Ford has recently revealed that it is trialing a geofencing speed limit control system. The geofencing speed limit control system, as the name implies, uses geofencing technology to automatically reduce the speed of vehicles instead of relying on drivers to do so. To crudely put, it is a tech that will enforce a speed limit whether or not you like it.
Not going to lie. It may feel a little dystopia but we also have to understand that the intention is good. In Europe, up to 29 percent of road fatalities are pedestrians and cyclists.
To mitigate this, some countries set up 30 km/h (18.6 mph) zones in high risks areas such as areas around schools and hospitals so that vehicles travel more slowly in these zones.
Traveling at a slow speed allows drivers to have more time to react or god forbids, in the event of the inevitable, the impact speed is lower.
Testing with the all-electric Ford E-Transit vans extends to all 30 km/h zones in the center of Cologne, Germany, and in select 50 km/h and 30 km/h zones elsewhere in the city.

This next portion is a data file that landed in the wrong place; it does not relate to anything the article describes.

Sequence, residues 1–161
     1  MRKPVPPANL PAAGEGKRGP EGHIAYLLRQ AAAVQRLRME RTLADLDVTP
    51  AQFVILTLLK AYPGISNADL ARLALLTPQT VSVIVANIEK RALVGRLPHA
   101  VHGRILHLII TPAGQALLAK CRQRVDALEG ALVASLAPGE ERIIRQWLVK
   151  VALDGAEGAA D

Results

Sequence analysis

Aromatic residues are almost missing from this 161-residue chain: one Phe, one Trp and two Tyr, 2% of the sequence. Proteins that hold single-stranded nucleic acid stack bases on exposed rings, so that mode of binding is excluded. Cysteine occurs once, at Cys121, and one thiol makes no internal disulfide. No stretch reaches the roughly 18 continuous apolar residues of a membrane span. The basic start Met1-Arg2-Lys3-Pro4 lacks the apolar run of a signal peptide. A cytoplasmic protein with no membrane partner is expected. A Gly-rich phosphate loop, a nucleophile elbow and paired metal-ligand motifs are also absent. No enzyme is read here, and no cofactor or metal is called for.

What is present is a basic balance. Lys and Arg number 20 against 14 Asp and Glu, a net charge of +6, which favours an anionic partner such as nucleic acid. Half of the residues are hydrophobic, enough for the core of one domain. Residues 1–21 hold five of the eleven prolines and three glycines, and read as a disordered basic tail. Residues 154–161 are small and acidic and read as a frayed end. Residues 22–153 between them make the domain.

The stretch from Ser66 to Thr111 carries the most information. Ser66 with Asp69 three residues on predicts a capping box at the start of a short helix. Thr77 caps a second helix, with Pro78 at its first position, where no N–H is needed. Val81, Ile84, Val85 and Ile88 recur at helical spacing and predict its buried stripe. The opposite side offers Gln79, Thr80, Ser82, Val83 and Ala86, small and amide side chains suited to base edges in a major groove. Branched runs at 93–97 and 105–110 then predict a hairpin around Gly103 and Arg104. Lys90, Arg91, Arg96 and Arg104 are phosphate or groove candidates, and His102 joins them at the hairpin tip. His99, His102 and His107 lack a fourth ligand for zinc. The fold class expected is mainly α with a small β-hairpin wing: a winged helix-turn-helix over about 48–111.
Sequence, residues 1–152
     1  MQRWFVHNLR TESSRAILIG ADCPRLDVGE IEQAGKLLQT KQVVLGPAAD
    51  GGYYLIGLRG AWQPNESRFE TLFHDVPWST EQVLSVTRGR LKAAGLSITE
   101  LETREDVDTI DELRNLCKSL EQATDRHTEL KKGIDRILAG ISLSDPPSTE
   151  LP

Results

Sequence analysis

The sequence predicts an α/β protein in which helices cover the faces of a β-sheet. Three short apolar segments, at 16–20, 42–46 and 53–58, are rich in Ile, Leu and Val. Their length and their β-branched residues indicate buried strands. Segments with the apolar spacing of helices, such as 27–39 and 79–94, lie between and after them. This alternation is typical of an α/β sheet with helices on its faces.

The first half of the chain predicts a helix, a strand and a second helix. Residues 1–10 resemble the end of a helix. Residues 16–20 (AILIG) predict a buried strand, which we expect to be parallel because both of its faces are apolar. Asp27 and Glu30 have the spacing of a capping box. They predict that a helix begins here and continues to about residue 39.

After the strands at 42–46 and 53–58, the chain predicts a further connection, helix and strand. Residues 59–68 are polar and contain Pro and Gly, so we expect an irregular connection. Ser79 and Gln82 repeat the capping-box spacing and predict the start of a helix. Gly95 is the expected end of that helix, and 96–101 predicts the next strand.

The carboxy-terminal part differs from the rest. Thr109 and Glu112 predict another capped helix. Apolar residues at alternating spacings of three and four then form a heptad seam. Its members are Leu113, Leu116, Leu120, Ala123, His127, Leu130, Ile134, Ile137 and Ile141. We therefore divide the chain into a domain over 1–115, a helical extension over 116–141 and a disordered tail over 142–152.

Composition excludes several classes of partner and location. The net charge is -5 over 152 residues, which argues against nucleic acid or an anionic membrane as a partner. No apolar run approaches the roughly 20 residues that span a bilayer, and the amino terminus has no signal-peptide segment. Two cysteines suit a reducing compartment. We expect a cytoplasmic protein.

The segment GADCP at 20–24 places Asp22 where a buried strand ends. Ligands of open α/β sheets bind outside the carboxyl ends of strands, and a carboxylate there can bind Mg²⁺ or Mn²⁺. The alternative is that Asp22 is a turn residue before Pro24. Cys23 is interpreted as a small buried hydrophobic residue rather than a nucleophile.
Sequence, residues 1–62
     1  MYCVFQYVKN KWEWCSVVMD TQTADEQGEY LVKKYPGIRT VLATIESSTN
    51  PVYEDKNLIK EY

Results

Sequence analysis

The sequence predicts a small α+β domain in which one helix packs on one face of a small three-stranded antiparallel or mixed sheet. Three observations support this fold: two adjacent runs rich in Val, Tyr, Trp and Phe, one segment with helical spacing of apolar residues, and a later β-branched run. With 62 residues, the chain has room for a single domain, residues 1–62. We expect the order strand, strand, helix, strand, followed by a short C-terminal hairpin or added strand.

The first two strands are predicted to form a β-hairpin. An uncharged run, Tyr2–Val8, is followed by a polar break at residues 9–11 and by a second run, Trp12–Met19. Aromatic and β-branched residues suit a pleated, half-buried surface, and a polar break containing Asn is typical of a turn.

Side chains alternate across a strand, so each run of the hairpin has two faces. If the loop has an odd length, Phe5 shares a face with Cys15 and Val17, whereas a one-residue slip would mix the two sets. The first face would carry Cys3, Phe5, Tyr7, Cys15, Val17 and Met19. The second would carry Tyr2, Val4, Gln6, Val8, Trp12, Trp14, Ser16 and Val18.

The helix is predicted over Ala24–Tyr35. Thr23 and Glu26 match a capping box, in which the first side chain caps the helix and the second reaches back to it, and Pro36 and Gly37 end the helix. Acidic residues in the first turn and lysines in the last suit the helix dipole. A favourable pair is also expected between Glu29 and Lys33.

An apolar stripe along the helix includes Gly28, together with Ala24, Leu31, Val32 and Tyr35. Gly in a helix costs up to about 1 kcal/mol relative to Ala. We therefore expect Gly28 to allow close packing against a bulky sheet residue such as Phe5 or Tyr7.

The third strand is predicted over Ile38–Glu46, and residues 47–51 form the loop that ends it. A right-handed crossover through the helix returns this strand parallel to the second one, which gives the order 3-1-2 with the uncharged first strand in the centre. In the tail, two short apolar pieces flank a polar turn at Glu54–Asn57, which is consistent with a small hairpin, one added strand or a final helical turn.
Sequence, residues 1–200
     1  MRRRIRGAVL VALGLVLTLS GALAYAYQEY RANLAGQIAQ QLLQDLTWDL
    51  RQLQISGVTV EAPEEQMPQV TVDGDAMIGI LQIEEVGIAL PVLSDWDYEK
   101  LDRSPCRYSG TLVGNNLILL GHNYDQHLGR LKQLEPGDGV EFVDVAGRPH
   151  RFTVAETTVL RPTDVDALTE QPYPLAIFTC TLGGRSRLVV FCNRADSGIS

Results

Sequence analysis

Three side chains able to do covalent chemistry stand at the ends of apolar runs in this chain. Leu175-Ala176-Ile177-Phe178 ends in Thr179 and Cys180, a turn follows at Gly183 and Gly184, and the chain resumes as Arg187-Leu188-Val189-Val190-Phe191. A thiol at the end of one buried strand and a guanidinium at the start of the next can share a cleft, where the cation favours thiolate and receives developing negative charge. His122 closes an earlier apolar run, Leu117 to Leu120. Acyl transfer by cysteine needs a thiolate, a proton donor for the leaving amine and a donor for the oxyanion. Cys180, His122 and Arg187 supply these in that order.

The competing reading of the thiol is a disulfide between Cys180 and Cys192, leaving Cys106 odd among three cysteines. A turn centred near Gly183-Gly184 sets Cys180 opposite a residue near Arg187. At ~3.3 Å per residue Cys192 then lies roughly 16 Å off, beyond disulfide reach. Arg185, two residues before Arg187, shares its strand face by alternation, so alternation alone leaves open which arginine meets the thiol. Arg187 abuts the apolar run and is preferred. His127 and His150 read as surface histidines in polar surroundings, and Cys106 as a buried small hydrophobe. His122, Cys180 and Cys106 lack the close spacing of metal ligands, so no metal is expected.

Like I said the intention is good but logically speaking, some kind of override should exist in case the driver needs to go over the speed limit to avoid an accident.
I am sure there is more to this tech to it than what we have learned. In fact, this 12-month long trial also builds on other recent Ford research projects aimed at improving road safety, including connected traffic light tech that automatically goes green to clear the routes for first responder vehicles and specific speakers inside the vehicle to alert drivers to the direction from which people and objects are approaching.
Images: Ford Europe.